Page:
Anything that changes the voltage (or current) waveform from a pure single-frequency sinusoid (in the case of AC) or a pure "flat line" (in the case of DC) is considered to be harmonic distortion.
In actual fact, there are transient conditions - events measured in the 0.001 to 0.05 second range - which cause such distortions very frequently (typically on the order of several times a second), even around the home. Such instances can be caused by switching (physically closing or opening a switch, triggering the switching action on power electronic devices such as thyristors and transistors, breakers opening/closing) or line surges (lightning strikes, starting/stopping a rotating load, step changes in loading any electrical device). The impact of such a transient is dependent on the location of the event relative to the observation point as the energy of the transient decays over the resistance of the path. This is why a lightning strike in the next county doesn't even cause your lights to flicker in your home - but one hitting your neighbor's house probably blows every fuse in the panel.
The problems associated with harmonic distortion occur when the event is no longer "transient" - which means it lasts at least for several seconds, if not minutes or hours. In this case, the multiple frequencies are carrying some amount of energy (each) - some of which adds to the normal voltage and current at line frequency, and some which counteracts it. If enough is additive, the net result is a higher voltage and/or current than expected - which leads to potential damage of the equipment using that waveform. The damage can be a result of dielectric breakdown (voltage "spikes") and/or thermal degradation (excessive current) of the windings. It may also appear as damage to the bearing surfaces, if the energy is sufficient to bridge the gap between shaft and journal.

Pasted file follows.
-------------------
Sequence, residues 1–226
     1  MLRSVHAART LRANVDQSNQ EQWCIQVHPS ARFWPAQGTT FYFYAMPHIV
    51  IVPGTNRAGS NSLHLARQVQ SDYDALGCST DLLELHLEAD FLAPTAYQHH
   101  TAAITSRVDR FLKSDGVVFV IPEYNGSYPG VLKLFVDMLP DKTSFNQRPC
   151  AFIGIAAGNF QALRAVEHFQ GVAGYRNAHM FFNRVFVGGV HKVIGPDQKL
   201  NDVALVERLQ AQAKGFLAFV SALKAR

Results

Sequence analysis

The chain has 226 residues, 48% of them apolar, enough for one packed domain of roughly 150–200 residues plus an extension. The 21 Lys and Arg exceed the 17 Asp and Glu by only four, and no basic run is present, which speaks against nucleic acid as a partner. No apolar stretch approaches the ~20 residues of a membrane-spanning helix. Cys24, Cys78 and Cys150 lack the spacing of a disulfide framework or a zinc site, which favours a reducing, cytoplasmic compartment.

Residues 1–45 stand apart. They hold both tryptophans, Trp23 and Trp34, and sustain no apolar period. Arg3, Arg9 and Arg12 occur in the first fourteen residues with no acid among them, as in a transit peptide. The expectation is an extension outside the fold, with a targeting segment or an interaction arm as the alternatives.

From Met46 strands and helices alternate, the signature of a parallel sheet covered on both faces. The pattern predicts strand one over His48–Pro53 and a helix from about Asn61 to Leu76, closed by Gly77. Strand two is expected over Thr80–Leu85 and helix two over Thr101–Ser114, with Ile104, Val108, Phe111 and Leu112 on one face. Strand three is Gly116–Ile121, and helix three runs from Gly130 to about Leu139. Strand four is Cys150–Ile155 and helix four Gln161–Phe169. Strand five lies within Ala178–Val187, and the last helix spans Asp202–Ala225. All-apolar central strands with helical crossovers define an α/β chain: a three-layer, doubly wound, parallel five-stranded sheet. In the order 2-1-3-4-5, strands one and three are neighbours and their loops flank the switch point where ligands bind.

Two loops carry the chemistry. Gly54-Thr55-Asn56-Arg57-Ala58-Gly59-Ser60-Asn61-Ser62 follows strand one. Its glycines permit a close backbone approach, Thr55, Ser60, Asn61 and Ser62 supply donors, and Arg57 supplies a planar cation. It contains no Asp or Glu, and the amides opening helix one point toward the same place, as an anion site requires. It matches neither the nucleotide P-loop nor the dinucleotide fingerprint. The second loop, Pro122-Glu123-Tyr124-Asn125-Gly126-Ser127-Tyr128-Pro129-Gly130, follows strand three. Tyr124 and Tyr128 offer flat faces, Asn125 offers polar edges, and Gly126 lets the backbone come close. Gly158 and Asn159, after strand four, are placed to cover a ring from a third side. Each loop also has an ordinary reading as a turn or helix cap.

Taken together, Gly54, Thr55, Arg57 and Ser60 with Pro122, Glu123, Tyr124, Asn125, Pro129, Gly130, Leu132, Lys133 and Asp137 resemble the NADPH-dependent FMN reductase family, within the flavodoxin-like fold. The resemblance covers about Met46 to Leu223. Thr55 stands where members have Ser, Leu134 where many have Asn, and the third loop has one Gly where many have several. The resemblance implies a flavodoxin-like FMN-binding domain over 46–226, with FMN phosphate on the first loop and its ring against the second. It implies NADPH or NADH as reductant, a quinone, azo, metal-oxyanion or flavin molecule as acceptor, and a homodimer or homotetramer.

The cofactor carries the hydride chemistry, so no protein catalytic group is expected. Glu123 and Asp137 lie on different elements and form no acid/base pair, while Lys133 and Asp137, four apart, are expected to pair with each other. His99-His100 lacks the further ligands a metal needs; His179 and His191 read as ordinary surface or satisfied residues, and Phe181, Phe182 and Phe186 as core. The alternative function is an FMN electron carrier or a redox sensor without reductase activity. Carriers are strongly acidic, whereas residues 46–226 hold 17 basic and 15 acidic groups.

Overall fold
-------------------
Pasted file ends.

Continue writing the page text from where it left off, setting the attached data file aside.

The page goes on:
An inexhaustive list of possibilities behind a system's harmonic distortion contains some or all of the following: switching action, operation of nonlinear devices, unbalanced phase loading (more single phase loads on one phase over another, or a motor with a damaged winding still running a process), "ringing" action caused by improper balancing or R-L-C circuitry in a specific branch, and electromagnetic interference from another branch or equipment.
There are usually limitations on how much distortion equipment is supposed to be able to withstand. One of these sources quoted fairly frequently in industrial applications is the standard IEEE 519, which details allowances for both voltage and current harmonic amplitudes. Note that the standard was originally written prior to the "electronic age" - which means there were very few switching devices related to power electronics and almost no "automatic" switching events, which in turn meant a fairly steady sinusoidal waveform for distribution purposes. It has since been revised (moving the acceptable limits upward) to account for the predominantly distorted waveforms present at all levels in today's distribution systems.